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How to Get Into Medical School With a Low GPA
Medical school has a notoriously competitive admissions process, and for good reason. Medical professionals hold a lot of responsibility in their hands, so it is only natural that schools would be selective about who they admit. As a result, earning a low GPA in undergraduate can limit your med school options. Nevertheless, a low GPA does not eliminate the possibility of med school. Here’s our guide on how to get into med school with a low GPA:
How low is low?
Before we dive into our suggestions, you might be asking yourself, how low is low for a GPA? For the purposes of this article, we’re going to consider a “low” GPA to be between a 3.0 and a 3.5. We have calculated this number based on the average medical school applicants GPA, which in the 2022-2023 school year was 3.75.
If you’re looking at those numbers and feeling discouraged because your GPA is lower than that, that’s okay. Having a lower GPA than what we said does not mean that medical school is not for you, but it may mean it is a little farther off than you had hoped. We still highly recommend that you read this article and discover what steps you can take!
Debunk the myths
It’s hard to accomplish anything when you have a bunch of negative or untrue thoughts in your head. Applying to medical school is nerve racking, but if it’s something you feel passionate about doing, you shouldn’t feel nervous about it. Put your best effort into your application and into silencing those voices in your head. Understand that you’re not the first person to have a low GPA and want to go to medical school. When the voice in your head sounds negative or tells you that can’t do this, don’t listen!
Focus on your whole application
It’s easy to get caught up on numbers. Your MCAT score wasn’t high enough or you have a lower GPA than you wanted. While those things can be important, so are all the other parts of your application, which is where most of our suggestions will come in. Remember that medical schools are looking at you as a whole person. You may have a lower GPA, but that doesn’t mean that you still won’t look much more desirable compared to other applicants in a lot of other application areas. Okay, let’s get into each of our suggestions now!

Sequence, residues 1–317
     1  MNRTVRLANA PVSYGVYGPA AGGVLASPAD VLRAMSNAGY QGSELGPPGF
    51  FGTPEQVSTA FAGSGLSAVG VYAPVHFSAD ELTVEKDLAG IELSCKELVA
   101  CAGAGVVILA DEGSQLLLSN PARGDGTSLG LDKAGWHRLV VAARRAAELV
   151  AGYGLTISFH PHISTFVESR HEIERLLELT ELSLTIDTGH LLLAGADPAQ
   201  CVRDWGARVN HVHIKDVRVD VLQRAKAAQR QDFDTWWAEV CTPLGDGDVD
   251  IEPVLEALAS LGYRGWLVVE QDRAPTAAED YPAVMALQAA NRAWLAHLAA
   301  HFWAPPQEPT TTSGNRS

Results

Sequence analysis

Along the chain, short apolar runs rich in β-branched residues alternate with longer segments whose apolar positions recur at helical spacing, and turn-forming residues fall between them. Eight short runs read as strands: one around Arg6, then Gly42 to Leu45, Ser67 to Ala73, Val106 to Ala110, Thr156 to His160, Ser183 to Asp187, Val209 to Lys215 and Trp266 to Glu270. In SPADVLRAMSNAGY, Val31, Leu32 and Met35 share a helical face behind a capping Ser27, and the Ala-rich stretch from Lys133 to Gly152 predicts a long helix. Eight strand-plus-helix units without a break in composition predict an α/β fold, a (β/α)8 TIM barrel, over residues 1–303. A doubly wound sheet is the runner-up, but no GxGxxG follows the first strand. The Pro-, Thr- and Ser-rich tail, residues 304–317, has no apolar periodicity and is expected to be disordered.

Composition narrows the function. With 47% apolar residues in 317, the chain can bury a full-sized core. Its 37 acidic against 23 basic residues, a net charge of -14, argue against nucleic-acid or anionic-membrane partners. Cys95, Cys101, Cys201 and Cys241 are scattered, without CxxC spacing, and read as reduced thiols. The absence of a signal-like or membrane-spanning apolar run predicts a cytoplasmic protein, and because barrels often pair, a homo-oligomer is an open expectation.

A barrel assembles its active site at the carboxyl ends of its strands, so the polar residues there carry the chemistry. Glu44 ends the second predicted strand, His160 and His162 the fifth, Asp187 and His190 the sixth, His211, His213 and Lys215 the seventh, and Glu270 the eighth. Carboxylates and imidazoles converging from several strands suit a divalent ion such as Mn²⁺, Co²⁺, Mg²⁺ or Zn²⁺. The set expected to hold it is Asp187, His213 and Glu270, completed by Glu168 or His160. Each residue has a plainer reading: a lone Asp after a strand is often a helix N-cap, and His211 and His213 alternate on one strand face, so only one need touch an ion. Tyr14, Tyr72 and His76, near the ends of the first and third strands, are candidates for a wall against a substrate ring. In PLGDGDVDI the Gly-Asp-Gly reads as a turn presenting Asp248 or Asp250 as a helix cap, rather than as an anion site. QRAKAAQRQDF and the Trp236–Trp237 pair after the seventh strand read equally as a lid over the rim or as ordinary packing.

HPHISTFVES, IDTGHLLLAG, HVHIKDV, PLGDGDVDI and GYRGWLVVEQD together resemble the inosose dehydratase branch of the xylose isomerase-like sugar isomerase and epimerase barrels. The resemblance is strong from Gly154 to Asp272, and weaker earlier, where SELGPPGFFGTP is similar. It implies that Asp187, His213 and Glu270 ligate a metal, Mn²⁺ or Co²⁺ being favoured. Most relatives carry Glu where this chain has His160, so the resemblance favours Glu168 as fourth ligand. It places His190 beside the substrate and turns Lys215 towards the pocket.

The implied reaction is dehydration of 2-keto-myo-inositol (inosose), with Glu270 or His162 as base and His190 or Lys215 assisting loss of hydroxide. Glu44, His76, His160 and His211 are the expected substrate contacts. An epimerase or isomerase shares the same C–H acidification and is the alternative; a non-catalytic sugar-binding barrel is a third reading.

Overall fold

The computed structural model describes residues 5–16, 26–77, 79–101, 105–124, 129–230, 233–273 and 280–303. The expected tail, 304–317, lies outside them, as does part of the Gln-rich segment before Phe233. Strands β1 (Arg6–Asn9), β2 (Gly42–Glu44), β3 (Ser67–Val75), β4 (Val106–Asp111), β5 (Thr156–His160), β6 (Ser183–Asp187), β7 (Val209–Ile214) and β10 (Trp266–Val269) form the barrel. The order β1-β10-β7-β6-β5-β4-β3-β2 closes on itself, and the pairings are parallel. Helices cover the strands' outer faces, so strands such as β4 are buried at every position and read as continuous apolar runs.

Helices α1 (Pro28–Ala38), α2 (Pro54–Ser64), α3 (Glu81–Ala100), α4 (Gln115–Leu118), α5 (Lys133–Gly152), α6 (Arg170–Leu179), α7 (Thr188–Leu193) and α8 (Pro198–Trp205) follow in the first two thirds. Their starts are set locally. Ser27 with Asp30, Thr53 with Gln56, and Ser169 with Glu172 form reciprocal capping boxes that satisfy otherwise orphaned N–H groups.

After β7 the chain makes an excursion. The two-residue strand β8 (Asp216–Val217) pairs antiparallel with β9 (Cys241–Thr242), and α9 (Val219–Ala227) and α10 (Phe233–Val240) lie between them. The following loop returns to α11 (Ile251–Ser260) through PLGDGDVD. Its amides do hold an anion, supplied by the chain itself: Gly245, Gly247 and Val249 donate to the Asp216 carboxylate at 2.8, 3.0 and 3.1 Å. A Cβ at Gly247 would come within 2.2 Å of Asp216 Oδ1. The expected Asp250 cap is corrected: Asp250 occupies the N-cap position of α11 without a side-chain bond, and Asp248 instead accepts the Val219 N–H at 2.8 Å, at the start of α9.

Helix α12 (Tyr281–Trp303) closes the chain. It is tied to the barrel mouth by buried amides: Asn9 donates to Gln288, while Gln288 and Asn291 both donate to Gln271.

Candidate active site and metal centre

1. Earn a stellar MCAT score
One of the best ways to compensate for a low GPA is to earn a great score on the MCAT. This helps demonstrate that you have a strong academic potential, even if your GPA doesn’t indicate it. Study early and often, and consider hiring a test prep tutor if you can afford it. The MCAT is very challenging for any student, which means that any high score that you achieve will be all the more impressive.
2. Write powerful essays
Everyone knows that it’s impossible to reduce a person to a set of numbers. As important as factors such as GPA and test scores can be, essays are what make an intimate connection to the person reviewing your application. Make sure to write essays that demonstrate your passion for medical science, your work ethic, and the way in which you learn from experience.
As a student with a low GPA, you’ll be relying heavily on your essays, so make sure to start them early and get insight from friends, family, and if possible, admissions professionals! It can be hard to talk about yourself in an essay, but it is critical that you do so here!
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3. Identify what caused your low grades, and explain it in your application